One day we crossed over to the mainland, & visited Kowloon, which, to the regret of everyone on the spot, the British government has left under Chinese jurisdiction while obtaining for England the fine piece of territory in which it is situated. One day Dr Pearce took us over the prison & showed us the Chinese prisoners under the supervision of English & Indian officials. Another day we went up to dinner with him & met a native Chinese doctor, who took us, later on, to a native theatre; we sat in seats upon the stage & were extremely interested both in the spectators & in the drama itself which the doctor was kind enough to explain to us. All the actors are men, but they manage to imitate women very cleverly, when required, both in voice & in their manner of walking; one of the several plays acted during the evening, described the attraction felt by a young lady for the scholar who was instructing her brother! The actors converse in the Mandarin dialect which must be unintelligible to quite a large portion of the audience; nevertheless as the plays run more or less upon fixed lines, they have no difficulty in following them, & scenes such as that in which the young lady titivates herself with a view of compelling the admiration of the scholar, are watched with keen delight.

Another day we went up with Mr Smith to lunch on the peak; from the top of tram line we took chairs to his house which we found very pleasant & cool. Then after lunch we descended in the same way walking down to his office from the foot of the line; in this manner the total time away from office can be reduced well within 2 hours. In the afternoon I went on to see over the greatest sugar factory in the world & was duly impressed.

Another day—I notice I have said this sometimes when it was really the same day—we went on to the Omi again for a short time to bid adiew† to our friends; we found all the passengers rather tired of staying in the harbour, some of them wishing that they had come ashore to a hotel, nevertheless they were looking forward to starting away for Japan the next day.

Another day we visited the “Happy Valley” where the remains of the English race who have died in this spot so far from home are laid at rest; perhaps in the care with which this is tended, if in this alone, the reserve sentiment of “l’Anglais phlegmatique” is attested.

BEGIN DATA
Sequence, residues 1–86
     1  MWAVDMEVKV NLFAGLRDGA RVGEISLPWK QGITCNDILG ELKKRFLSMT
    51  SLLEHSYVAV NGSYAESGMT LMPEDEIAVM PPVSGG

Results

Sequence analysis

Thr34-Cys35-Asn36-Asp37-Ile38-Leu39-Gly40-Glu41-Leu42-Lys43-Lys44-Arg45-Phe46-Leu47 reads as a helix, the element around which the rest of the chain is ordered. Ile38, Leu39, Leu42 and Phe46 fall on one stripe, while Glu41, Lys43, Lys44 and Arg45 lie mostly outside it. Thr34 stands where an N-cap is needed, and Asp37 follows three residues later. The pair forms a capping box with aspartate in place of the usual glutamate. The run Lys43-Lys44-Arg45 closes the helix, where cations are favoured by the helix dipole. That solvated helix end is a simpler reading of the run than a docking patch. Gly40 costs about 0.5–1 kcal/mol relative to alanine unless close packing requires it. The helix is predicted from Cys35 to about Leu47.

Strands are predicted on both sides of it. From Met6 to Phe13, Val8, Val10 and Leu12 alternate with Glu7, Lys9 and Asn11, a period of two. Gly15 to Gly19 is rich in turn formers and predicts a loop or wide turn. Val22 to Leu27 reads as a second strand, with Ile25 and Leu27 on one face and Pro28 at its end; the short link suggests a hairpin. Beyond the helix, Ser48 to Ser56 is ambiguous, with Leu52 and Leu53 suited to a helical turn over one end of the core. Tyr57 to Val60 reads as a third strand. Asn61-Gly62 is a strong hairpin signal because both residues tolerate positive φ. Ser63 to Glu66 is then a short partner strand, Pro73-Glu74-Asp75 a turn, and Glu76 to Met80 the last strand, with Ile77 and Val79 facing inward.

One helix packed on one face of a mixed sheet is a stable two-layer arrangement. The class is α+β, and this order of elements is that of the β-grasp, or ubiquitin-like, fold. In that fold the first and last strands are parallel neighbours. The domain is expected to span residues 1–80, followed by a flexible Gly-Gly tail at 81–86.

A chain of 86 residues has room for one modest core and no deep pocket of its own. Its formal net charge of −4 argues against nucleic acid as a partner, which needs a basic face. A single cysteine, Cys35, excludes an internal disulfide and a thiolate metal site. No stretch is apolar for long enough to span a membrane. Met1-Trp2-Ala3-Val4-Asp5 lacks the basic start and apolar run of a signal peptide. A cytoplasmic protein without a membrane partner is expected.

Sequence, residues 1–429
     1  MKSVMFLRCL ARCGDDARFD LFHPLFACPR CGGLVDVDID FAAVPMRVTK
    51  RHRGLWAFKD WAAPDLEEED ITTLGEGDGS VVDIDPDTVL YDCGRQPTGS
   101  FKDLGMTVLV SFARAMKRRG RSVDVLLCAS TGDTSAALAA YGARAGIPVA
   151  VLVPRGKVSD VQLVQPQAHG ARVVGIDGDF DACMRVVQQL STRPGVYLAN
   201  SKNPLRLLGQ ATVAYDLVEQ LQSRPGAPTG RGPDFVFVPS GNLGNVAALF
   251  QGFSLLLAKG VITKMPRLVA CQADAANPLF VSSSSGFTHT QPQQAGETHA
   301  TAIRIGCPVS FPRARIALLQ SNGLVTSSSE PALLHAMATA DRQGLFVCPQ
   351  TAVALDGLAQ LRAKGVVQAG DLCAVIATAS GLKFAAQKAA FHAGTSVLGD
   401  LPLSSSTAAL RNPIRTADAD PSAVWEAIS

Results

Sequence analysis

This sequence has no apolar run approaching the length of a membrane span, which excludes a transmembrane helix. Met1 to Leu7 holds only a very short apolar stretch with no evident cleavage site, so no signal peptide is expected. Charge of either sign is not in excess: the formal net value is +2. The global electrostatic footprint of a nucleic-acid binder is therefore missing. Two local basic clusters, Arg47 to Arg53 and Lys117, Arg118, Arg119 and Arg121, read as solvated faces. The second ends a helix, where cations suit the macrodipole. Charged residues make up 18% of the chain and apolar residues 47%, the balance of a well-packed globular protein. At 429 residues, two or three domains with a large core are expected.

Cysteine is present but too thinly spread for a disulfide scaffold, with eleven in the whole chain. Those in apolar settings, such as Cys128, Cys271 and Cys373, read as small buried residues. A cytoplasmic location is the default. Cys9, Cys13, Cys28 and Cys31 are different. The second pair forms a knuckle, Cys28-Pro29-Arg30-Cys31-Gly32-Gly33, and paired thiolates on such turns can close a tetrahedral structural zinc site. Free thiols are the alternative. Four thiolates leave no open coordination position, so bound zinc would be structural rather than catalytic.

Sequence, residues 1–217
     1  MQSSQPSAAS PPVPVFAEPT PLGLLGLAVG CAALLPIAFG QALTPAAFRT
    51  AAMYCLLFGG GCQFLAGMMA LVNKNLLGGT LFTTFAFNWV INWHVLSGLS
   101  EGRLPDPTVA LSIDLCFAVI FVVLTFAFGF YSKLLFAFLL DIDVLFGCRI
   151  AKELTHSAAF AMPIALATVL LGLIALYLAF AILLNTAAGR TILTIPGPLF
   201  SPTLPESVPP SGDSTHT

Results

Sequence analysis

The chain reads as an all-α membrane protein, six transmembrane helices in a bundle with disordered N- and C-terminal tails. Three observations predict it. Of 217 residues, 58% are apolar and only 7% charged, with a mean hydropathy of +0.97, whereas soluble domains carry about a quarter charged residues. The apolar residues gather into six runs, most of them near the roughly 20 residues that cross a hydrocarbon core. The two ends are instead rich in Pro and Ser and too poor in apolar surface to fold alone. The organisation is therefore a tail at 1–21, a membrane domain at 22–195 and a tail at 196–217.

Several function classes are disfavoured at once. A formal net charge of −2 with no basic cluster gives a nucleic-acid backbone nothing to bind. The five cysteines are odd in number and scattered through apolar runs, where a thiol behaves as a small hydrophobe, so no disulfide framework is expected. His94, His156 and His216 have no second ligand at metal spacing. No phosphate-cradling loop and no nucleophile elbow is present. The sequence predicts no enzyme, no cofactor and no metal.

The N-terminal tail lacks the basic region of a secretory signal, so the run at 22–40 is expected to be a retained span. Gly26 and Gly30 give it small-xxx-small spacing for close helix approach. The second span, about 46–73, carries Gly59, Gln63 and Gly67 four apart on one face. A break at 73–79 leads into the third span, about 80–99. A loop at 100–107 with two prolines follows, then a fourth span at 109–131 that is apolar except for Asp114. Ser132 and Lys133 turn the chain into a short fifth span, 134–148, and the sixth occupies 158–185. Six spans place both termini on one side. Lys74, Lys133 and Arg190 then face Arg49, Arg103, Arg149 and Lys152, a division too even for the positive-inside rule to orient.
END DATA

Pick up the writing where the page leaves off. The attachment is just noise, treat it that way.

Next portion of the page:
So with one thing & another, not omitting the gentle game of pills at the hotel, our time at Hong Kong passed away; & we found ourselves once more upon a boat {12}, bound for Shanghai & Japan. Stopping for a short time at Amoy to take on a cargo of tea, we reached Shanghai after 3 days sailing, & were pleased to find that we were to have more than a whole day before it would be necessary to get away again; so we proceeded at once, in a manner characteristic of ourselves, to get a lot of information by going & calling upon different people. I hope to be able to narrate to you, presently, a few of the things we heard then & at other times, so as to give you a few ideas about the Chinese; but of course you will remember that they represent only the second hand opinions of a few people coupled with a very minute amount of direct observation, & as such are to be accepted with the greatest caution. Nevertheless as proof that some of what we gathered was good in its foundation, I may perhaps mention that a lady who had been a doctor in China for many years, & was discussing things Chinese with Percy for some time, said at length “you must have stayed a very long time in China”.

These last two sentences must be taken as as kind of interlude representing the time we spent in talking to people, before I mention the things we actually saw & did. Late in the afternoon of the day of our arrival, we went out to the Recreation Ground going by way of one of the principal streets (ie of the foreign settlement, of course); on the way we were very much interested in how things “went along”. Mentally I compared the place with the presidency towns of India; but there were many differences; in some cases Chinese ladies driving about in open carriages, as I only saw of the Parsees in Bombay; in one case I noticed a European coachman driving a couple of Chinese gentlemen; all along the route were Chinese men sitting in rows upon the balconies, watching the foreigner driving down at his accustomed hour to his athletics. Victorias, Dog Carts, bicycles, rickshaws, even Wheelbarrows jostled one another along the road; while occasionally one would catch a glimpse of the Chinese lady with her cramped up feet. At length we reached the recreation ground itself & were struck dumb with admiration; almost every form of athletics & recreation was there displayed; so that so far as I am aware the ground is absolutely unrivalled in the whole world. While we were there, cricket, lawn tennis, bowls[,] quoits, & other games were all going on, & in the winter some of these give place to football & other things; in addition to these all the paths make splendid bicycle tracks, & polo golf & base ball are constantly played. [The preceding sentence is written around a plan of the recreation ground.] The whole enclosure must be something like a hundred acres.